The Internet is still really new, and fragile. It's just a few decades old! Because humans live a relatively short time we already think the Internet has always been here, and always will be. Yet a war, or technical failure could shut it down rapidly. Failure of fragile mono-cultures could cost many lives, even with relatively short outages.

Collective and individual roles

Digital self-defence is therefore about more than individual technology rights, even though they are of very high importance. Most cyber-security courses are aimed at corporate students. Their aim is to protect already wealthy institutions.

Digital self-defence is for the rest of us, it's civic cybersecurity in the public interest.

Individual rights also underpin a shared vision and democratic responsibility to look after our digital world. This returns us to a notion popular at the birth of the Internet, of the "Netizen".

As a stakeholder, each of you have a right and responsibility to protect and partake in the digital world - including the right to withdraw and live life in peacefully free from it. This broad interpretation of technology is humanistic. Digital self-defence is both for benevolent and safe systems, and from inhumane and dangerous ones that threaten the resurgence of new forms of fascism and social control.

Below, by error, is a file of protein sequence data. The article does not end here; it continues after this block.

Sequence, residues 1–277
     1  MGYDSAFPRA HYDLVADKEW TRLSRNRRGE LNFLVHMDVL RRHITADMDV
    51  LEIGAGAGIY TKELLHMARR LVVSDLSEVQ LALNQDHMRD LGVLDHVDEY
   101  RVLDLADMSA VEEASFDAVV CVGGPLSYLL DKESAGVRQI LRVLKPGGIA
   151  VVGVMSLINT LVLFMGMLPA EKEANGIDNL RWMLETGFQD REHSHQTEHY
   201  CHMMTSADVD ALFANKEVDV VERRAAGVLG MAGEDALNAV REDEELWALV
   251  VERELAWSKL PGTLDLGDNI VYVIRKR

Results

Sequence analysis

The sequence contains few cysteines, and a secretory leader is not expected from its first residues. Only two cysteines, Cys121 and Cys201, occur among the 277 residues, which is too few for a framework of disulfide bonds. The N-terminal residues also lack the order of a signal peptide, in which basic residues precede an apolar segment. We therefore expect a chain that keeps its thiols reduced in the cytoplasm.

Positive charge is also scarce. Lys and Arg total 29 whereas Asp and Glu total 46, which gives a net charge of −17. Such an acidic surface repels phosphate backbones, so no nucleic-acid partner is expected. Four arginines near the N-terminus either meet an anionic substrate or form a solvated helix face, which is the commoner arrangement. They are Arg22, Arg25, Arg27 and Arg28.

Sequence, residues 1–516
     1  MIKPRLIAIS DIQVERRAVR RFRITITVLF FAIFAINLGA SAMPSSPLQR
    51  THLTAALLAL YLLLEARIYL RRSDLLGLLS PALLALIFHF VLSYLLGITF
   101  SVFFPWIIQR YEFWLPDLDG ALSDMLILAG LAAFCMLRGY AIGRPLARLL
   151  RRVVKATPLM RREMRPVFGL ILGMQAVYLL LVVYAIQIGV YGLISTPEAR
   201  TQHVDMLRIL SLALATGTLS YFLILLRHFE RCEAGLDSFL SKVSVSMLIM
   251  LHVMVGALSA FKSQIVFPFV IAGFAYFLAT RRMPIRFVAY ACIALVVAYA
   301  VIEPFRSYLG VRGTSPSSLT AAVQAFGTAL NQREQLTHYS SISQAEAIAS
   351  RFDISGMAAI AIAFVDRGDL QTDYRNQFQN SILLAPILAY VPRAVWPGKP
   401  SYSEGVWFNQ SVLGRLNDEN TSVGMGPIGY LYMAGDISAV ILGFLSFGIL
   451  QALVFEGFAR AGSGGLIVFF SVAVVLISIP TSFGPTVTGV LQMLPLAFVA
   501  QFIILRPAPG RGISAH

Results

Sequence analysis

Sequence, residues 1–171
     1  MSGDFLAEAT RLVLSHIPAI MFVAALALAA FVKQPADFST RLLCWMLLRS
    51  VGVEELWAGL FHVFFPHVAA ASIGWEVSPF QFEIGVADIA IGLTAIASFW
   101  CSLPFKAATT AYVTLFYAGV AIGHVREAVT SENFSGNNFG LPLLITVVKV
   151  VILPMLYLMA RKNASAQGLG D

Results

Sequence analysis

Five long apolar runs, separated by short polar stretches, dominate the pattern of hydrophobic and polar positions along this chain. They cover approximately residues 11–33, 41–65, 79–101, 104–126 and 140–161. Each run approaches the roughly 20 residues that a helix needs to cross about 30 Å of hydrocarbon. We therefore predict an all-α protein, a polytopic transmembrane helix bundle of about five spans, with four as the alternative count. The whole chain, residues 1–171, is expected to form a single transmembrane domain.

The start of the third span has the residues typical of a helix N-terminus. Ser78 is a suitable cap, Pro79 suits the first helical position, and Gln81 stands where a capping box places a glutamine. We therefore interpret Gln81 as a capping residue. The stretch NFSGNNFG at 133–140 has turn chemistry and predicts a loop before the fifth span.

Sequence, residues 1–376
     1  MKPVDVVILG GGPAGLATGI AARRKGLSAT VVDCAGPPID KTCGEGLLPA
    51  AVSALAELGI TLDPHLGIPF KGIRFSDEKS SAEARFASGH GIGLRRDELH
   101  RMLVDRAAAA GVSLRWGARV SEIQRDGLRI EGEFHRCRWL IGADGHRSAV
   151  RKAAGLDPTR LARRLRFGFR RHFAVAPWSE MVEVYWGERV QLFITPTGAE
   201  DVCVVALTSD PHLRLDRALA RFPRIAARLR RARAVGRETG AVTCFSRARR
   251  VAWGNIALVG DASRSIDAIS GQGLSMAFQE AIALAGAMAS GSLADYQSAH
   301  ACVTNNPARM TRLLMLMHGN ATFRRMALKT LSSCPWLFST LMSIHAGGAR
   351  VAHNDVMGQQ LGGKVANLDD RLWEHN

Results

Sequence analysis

A bottom-up (grass-roots) project

Why can governments offer so little to help? Why must digital self-defence work as an organic, Big-Society project?

Instead of investing in defensive measures and civic cyber education, our governments waste money and effort on silly things like cyber-offence and domestic surveillance. They kowtow to giant corporations who put power and profit before real national security. Plus, where governments are corrupt, they have their own agendas to hold power, which work against our security and aim to weaken the systems that empower people.